I say this with absolute certainty because Joe Biden, unlike so many in Washington today, has shown an immense capacity to learn from his mistakes, if not avoid them altogether, over the course of his four-decade career in public service. It’s a quality Democrats should be celebrating, not punishing, as they look for a candidate who can both defeat President Donald Trump in 2020 and, not incidentally, run the country after that.

Mueller and Barr just did Democrats a gigantic favor
Zealous congressional Dems were in danger of overreaching. Now they’ve been dealt a reality check

OPINION — There’s a slippery slope in Washington between oversight and overreach. It’s a path that’s been worn so smooth by politicians in D.C., you could practically pour water on it and charge admission for rides in the summer. Given a yellow light by voters in any given election to proceed cautiously, the winning party will almost always hit the gas to get where they want to go faster and farther than voters ever wanted to go in the first place.

As we learned in the 2018 midterms, voters want congressional oversight of the Trump White House. In fact, they demanded it. Nobody thinks a president should be allowed to run the government alone or without the other two branches of government checking his work.

8 things I wish I’d known when I worked on Capitol Hill
‘My home life was a toxic mix of reheated pizza and C-SPAN,’ one former staffer admits

OPINION — Working on Capitol Hill is the best of jobs and the worst of jobs, all rolled into one. The pay is low, the hours are long, and angry constituents aren’t wrong when they remind you that they pay your salary. But working on the Hill can also give staffers the chance, often at a young age, to build a résumé, make a positive difference in people’s lives, and literally change the world.

The intense experience can come and go in a flash, so I reached out to current and former Capitol Hill staffers to ask them what they’d tell their younger selves about the job that many remember as the hardest, most fun, and most rewarding of their professional lives.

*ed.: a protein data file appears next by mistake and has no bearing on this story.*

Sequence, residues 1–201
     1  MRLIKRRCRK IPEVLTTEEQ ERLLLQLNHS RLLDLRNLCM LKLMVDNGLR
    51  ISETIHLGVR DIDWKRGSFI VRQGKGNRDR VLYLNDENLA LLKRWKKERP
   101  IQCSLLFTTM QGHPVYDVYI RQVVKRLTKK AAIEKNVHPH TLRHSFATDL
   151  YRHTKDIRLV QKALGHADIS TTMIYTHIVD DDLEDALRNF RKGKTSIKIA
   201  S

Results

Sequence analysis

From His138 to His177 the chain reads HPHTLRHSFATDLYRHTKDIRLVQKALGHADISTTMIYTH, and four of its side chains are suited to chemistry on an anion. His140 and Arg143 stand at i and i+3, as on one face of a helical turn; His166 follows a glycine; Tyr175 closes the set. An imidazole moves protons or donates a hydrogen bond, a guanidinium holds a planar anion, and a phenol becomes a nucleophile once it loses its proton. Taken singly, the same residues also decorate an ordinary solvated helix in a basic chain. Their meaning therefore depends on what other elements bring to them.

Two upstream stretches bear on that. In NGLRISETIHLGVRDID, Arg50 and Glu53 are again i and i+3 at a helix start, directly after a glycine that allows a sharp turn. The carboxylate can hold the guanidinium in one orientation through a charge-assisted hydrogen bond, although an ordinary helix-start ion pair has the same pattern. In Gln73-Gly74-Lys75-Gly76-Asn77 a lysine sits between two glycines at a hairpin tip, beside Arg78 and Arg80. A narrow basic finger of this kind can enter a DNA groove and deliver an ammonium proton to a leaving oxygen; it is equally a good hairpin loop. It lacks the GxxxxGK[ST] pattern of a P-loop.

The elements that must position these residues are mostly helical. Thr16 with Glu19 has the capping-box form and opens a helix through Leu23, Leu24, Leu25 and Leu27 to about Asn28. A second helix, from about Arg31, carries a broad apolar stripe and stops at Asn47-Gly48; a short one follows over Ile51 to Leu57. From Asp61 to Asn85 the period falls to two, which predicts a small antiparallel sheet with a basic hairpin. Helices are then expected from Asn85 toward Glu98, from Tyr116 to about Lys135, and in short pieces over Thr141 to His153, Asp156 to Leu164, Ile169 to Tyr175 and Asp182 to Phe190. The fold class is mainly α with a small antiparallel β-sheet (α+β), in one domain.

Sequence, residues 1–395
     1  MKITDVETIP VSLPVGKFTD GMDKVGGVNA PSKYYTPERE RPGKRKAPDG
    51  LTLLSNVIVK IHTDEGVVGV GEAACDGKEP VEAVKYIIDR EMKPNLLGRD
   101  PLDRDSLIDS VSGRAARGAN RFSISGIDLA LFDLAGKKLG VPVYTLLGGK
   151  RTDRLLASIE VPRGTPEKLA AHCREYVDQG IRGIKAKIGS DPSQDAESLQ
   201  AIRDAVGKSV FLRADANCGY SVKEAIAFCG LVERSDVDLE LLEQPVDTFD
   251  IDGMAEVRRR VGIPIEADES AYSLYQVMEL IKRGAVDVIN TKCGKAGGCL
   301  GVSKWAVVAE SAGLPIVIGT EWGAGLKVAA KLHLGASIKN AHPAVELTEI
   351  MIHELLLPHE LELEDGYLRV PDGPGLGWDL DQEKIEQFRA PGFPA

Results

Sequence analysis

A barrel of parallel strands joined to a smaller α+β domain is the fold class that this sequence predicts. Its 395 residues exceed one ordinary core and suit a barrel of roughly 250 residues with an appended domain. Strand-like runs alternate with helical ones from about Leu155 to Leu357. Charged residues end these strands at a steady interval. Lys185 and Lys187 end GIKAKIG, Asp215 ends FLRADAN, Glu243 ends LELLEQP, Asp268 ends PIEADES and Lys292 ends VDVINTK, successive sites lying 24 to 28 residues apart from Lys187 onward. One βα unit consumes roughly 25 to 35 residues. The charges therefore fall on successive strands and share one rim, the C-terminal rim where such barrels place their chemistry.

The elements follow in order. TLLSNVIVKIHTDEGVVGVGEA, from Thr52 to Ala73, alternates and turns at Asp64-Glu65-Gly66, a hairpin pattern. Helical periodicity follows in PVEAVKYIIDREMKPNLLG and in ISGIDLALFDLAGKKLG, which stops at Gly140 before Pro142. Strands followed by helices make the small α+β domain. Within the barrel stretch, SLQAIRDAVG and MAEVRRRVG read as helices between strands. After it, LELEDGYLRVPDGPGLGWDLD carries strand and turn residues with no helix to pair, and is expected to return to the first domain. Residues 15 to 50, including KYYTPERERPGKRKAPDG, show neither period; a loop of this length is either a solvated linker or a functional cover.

Democrats get their very own tea party after all
Tea parties are messy, loud, awkward and definitely not ‘meh,’ as it turns out

OPINION — In the weeks leading up to the midterm elections, you could already see a tea party redux setting itself up for the Democrats in the same the way the original tea party movement had swept the Republicans into power in 2011.

There was the grassroots anger fueling the insurrection. The out-of-nowhere political superstars already gaining traction. And the out-of-power party establishment in Washington looking at the energy coming into their party as their ticket to rise to the majority. But once the tea partiers got to D.C., Republicans’ visions of power didn’t go as planned.

Jamie Dupree is still telling stories, even without his voice
If you don’t know Jamie yet, do yourself a favor and change that

OPINION — On June 18, 1965, when copies of Roll Call sold for 10 cents apiece, the front page featured an item on the Congressional Secretaries Picnic, including a photo of a skeptical red-headed toddler eyeballing a nearby pal’s lunch plate.

That toddler was Jamie Dupree, the son of two Capitol Hill staffers, who grew up in the shadow of the Capitol, went to college in Florida, and just as quickly made his way back to D.C. and became Cox News Radio’s Washington correspondent.

The perils of investigating a complete buffoon
Democrats are probing a mess. If they’re not careful, they’ll join it

OPINION — Only President Donald Trump could announce the parameters of his relationship with the newly Democratic House with a bite-sized limerick in his State of the Union address. “If there is going to be peace and legislation ... there cannot be war and investigation,” Trump said with a did-you-see-what-I-did-there smile on his face. “It just doesn’t work that way.”

Was it a threat? Was it a poem? Is there a war happening that we don’t know about? Whatever Trump meant with his rhyme, it illustrated the very real challenge Democrats have on their hands, with a fleet of committee chairmen eager to investigate the president, a progressive base hungry for results, and a president who has never played by (and has often broken) the rules in his personal life, in his business affairs, and as president — right down to that little ditty in the State of the Union.

There was just one thing missing from this voter reform hearing — a Republican
In a state like Georgia, the GOP will have to both acknowledge voter suppression and lead the effort to end it

OPINION — What are the chances that Republican lawmakers will work with Democrats to make changes to restrictive voting systems in the United States that have benefited Republicans in recent elections, either deliberately or accidentally?

That’s going to be the question going forward for the House Administration Elections Subcommittee, which is holding a series of field hearings around the country to examine the 2018 elections and the fundamental question of whether all U.S. citizens have equal and unfettered access to the right to vote, no matter their income or ethnicity.